And Gandhi was willing to accept the delay, at least for a time. After his fast ended in October of 1924, he withdrew from political life and devoted himself to "swaraj from within"–working to prepare India morally for its independence. This preparation took the form of travel throughout India, combined with speeches and articles in his magazine, Young India, advocating good hygiene, exercise, sexual self-control, and an end to child marriages, which Gandhi now considered a grave evil. The strangest, and yet perhaps the most important part of his program, was a devotion to his spinning wheel.

For Gandhi, influenced by John Ruskin's paeans to hand labor, homespun clothing had become the great external symbol of a free India, and wherever he went, he encouraged young people to learn to make their own garments. When the Indian National Congress pressured him into accepting its presidency in 1925, he did so on the condition that every member wear homespun clothing to the sessions; by the late '20s, khadi, as homespun was called, had become the official garb of every Indian nationalist.

His period of political quiescence came to an end in 1928. The British had sent a board of inquiry, called the Simon Commission, to investigate social conditions in India and recommend solutions. Since the board lacked any Indian representation, it was considered a slap in the face by the nationalists–as were the comments of Lord Birkenhead, the Secretary of State for India, who remarked that there was no prospect of Indian control over their own government in the foreseeable future. Gandhi now returned to his once-abandoned plan for large-scale civil disobedience, which was carried out between February and August in the district of Bardoli, near Bombay. Led by Sardar Valabhbhai Patel, a Bombay lawyer and a friend of Gandhi for some twelve years, the inhabitants of Bardoli refused to accept an increase in taxes, and held firm despite imprisonment and threats from the authorities. To Gandhi's delight, no violence erupted, and on August 6 the government gave in, released the prisoners, and repealed a recent tax increase.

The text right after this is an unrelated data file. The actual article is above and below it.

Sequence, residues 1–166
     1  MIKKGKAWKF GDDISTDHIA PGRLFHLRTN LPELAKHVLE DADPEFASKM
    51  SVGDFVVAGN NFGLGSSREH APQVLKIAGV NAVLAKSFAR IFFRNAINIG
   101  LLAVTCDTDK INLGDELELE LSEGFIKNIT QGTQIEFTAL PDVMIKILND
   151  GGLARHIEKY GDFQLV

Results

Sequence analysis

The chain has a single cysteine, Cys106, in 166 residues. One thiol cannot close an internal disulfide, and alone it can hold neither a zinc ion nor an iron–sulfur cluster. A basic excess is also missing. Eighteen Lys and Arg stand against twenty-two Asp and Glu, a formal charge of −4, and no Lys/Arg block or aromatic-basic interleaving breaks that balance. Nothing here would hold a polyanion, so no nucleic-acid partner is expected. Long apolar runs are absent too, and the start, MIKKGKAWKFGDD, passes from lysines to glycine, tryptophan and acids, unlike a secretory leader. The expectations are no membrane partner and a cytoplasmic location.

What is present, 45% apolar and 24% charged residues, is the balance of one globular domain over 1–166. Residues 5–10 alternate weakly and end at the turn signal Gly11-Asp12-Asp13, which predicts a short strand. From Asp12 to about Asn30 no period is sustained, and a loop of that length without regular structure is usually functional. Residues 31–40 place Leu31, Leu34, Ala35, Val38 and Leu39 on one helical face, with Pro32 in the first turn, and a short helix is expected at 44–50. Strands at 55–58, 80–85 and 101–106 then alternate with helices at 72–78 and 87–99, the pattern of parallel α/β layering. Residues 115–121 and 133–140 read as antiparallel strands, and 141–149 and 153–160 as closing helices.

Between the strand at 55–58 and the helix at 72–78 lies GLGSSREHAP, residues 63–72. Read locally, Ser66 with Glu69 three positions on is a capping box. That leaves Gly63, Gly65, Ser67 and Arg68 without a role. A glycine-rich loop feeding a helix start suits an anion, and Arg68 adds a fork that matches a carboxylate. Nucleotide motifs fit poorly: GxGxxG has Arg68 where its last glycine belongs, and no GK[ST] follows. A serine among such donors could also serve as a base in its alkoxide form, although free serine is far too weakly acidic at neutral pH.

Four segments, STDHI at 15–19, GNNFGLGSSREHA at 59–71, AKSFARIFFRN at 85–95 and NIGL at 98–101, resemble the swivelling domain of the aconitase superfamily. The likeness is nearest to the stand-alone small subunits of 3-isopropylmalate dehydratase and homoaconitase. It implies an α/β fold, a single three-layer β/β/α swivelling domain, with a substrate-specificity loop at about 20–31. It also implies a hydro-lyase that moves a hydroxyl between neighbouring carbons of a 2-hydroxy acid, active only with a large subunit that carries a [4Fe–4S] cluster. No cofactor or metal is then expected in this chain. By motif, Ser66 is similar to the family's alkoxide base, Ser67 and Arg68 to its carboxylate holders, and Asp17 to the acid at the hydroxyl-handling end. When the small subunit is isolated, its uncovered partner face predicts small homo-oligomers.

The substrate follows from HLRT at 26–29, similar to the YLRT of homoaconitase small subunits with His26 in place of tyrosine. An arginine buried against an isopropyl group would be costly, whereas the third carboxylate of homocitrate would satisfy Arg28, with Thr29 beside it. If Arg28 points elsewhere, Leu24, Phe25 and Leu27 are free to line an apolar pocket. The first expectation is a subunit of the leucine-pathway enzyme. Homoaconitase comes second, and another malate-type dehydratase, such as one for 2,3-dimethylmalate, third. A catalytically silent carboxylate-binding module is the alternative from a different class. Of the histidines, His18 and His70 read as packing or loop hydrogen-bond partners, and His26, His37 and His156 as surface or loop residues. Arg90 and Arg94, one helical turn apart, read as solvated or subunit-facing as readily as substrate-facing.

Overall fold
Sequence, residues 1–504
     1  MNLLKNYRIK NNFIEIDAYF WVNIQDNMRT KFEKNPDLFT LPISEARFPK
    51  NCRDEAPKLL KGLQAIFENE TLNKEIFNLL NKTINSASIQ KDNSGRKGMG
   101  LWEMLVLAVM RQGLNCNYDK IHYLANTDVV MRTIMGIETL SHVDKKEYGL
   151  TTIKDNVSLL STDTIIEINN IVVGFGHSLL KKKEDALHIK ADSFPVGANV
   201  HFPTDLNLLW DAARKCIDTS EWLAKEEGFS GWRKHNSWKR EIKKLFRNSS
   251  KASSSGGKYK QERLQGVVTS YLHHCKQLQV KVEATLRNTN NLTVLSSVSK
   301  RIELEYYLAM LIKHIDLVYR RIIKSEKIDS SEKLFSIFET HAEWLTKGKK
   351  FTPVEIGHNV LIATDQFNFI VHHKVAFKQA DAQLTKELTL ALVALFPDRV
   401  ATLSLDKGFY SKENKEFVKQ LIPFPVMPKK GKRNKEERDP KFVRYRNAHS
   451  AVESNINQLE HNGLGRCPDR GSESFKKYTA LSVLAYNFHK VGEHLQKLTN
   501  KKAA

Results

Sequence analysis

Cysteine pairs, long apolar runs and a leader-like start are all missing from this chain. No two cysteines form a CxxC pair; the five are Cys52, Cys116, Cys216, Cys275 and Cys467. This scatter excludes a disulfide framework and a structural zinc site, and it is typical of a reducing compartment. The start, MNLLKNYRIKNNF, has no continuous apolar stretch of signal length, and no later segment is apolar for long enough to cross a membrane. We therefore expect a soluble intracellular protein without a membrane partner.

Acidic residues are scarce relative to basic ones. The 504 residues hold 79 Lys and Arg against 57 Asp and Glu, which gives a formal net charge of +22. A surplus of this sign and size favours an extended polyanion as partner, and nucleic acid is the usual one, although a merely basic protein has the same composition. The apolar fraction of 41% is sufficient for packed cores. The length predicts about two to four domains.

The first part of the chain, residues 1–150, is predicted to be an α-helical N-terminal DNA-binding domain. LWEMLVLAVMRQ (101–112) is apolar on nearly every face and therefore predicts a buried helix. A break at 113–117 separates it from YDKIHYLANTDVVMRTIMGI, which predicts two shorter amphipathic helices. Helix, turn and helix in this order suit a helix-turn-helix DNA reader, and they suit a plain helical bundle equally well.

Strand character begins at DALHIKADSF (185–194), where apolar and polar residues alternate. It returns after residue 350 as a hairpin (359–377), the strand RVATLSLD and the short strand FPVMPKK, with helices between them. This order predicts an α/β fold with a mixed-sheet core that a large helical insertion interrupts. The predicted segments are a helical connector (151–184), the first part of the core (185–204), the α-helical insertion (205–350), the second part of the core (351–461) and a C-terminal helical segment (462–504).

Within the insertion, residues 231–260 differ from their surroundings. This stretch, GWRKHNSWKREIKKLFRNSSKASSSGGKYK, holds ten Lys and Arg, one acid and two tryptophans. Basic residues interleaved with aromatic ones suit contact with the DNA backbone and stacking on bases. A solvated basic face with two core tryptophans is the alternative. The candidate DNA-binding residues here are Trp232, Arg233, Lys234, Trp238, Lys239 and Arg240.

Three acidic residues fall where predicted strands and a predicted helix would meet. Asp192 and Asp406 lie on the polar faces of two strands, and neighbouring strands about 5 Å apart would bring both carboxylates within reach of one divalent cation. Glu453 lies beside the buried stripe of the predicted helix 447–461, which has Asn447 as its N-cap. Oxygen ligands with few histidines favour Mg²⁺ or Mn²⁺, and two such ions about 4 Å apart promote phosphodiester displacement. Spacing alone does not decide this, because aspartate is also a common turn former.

After the success in Bardoli, there was much talk of immediate independence, especially among the young nationalists like Subhas Chandra Bose of Bengal and Jawaharlal Nehru, son of Motilal Nehru. Gandhi was wary of such hotheadedness, since "independence" was an uncertain term, given that no mechanism for an Indian government existed. Nevertheless, he toured the country in 1929 and prepared for another satyagraha campaign. The nervous British Viceroy, Lord Irwin, who had just seen a coalition government of left and right take over from the Conservatives in London, suggested a "Round Table Conference" of British and Indian representatives to discuss the possibility of Dominion status for India–which would give it a significant degree of self-rule. But the Conservatives were still powerful, and their fury at such a notion forced Irwin to back down. Disappointed, Gandhi gave in to the demands of the young men in the Congress– which was now presided over by the younger Nehru, who was forty in 1930. He returned to his ashram and emerged, in January of 1930, with a Declaration of Independence of India.